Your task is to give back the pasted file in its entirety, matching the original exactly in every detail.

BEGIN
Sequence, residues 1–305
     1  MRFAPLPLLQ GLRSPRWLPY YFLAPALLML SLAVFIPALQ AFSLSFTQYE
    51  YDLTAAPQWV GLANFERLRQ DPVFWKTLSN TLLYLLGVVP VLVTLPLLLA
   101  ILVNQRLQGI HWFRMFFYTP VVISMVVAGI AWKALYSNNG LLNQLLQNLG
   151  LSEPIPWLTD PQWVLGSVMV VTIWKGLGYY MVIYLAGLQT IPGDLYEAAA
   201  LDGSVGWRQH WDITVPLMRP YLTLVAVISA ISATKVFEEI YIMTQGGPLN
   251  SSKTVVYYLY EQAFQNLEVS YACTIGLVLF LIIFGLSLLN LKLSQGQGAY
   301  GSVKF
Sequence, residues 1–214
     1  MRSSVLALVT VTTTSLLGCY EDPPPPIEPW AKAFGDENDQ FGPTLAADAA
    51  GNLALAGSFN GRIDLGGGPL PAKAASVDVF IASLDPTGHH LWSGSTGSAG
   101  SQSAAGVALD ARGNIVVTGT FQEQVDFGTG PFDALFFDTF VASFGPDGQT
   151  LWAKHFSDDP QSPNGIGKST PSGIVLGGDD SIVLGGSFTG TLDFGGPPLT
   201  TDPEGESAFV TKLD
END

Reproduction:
Sequence, residues 1–305
     1  MRFAPLPLLQ GLRSPRWLPY YFLAPALLML SLAVFIPALQ AFSLSFTQYE
    51  YDLTAAPQWV GLANFERLRQ DPVFWKTLSN TLLYLLGVVP VLVTLPLLLA
   101  ILVNQRLQGI HWFRMFFYTP VVISMVVAGI AWKALYSNNG LLNQLLQNLG
   151  LSEPIPWLTD PQWVLGSVMV VTIWKGLGYY MVIYLAGLQT IPGDLYEAAA
   201  LDGSVGWRQH WDITVPLMRP YLTLVAVISA ISATKVFEEI YIMTQGGPLN
   251  SSKTVVYYLY EQAFQNLEVS YACTIGLVLF LIIFGLSLLN LKLSQGQGAY
   301  GSVKF
Sequence, residues 1–214
     1  MRSSVLALVT VTTTSLLGCY EDPPPPIEPW AKAFGDENDQ FGPTLAADAA
    51  GNLALAGSFN GRIDLGGGPL PAKAASVDVF IASLDPTGHH LWSGSTGSAG
   101  SQSAAGVALD ARGNIVVTGT FQEQVDFGTG PFDALFFDTF VASFGPDGQT
   151  LWAKHFSDDP QSPNGIGKST PSGIVLGGDD SIVLGGSFTG TLDFGGPPLT
   201  TDPEGESAFV TKLD